The requirements of the personal finance class are considered good by the people of Florida

The requirements of the personal finance class are considered good by the people of Florida

Residents in North Central Florida are enthusiastic about the potential consequences of a new law requiring students to take a personal finance class as part of their graduation requirements.

The bill aims to address the state’s lack of financial education and to prepare pupils for potentially harsh economic circumstances. The requirement will take effect in the 2023-24 school year for ninth grade students.

Governor Ron DeSantis recently approved legislation requiring high school seniors to take a half-credit personal finance course before graduation.

“I think I would have liked a class like this in high school,” said Putnam County resident Jenn Pearce. “When I got out of high school, there was no finance class to prepare me for the real world. Fight. I took a lot of credit card debt. I got audited once when I was 20 because I messed up something on my taxes. It was a lot of trial and error.”

According to CNBC, the bill makes Florida the 11th state to require financial education as a stand-alone course.

The new personal finance programme would be required by law to teach financial basics like balancing a chequebook, filling out loan applications, calculating interest rates, challenging inaccurate statements, and calculating federal income taxes. It also necessitates instruction on how to comprehend the many forms of investments and bank accounts available.

Duane Hayslett, 41, said he has tried to teach his two daughters, both enrolled at Buchholz High School in Gainesville, basic financial concepts.

“I went to sign a lease for my daughter, and she didn’t know much about anything as far as signing or anything like that,” Hayslett said. She said that she believes a financial education course would be helpful.

“It should be something that gives them a chance to get a sense of what to expect when they go out on their own,” Hayslett said. Scott Chapman, 40, of Cedar Key, said he’s glad his daughters, ages 8 and 11, are benefiting from the change.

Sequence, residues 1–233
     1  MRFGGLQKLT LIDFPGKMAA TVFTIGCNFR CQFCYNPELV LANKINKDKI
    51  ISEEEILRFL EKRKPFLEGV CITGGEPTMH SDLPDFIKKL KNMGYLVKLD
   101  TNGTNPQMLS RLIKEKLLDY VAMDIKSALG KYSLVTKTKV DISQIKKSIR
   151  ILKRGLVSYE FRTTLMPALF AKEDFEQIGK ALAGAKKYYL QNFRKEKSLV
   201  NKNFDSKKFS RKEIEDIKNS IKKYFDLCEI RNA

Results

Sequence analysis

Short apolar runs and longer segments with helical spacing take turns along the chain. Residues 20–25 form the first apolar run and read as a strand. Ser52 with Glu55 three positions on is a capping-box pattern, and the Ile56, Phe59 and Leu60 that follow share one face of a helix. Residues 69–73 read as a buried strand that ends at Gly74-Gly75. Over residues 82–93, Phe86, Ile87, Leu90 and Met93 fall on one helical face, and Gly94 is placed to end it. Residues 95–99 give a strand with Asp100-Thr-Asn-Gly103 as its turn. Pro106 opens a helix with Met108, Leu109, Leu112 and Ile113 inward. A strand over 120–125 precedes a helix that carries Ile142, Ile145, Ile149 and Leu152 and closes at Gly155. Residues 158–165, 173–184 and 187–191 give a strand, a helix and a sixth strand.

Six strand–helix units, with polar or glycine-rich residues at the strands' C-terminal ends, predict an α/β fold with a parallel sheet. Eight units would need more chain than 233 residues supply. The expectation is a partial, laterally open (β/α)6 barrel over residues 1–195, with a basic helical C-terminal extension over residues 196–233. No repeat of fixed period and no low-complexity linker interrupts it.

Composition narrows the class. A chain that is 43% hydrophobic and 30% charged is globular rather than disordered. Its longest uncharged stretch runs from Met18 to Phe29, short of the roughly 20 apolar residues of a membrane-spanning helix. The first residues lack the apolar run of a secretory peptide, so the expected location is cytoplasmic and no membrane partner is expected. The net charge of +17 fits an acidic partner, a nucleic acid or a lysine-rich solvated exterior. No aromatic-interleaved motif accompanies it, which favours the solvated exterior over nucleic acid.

“I think it’s absolutely fantastic,” Chapman said. “Because for the last few years, it honestly seems to be, ‘Go rack up $150,000 in student debt, then find out and pay it off whenever, with interest. They don’t teach you about that in school.” Chapman has bought and sold companies throughout his life and has attributed his success to his extensive knowledge of financial planning. She said that while he teaches his daughters how to save, for example by letting them earn their own money walking dogs, a structured course would help them learn the basics, like what a credit score is and why it’s important.

The new personal finance class will replace one elective, changing the graduation requirement from eight elective credits to 7½. The logistics of how the law will actually take shape in the classroom will be worked out as the state provides more information on the curriculum standards, according to Jackie Johnson, director of communications for the Alachua County Public Schools district.

Mildred Russell, a member of the Alachua County School Board, said she doesn’t see any need to hire additional staff because of the many financial education programs that already exist. They include the Buchholz High Academy of Entrepreneurship, which currently offers a broad curriculum in personal finance and business development as part of its specialized program.

“It’s always a concern that 67 districts are looking for teachers who are qualified to teach financial education at exactly the same time,” he said. Johnson said the board doesn’t have many concerns about that other than making sure there are enough qualified staff to deliver these courses.

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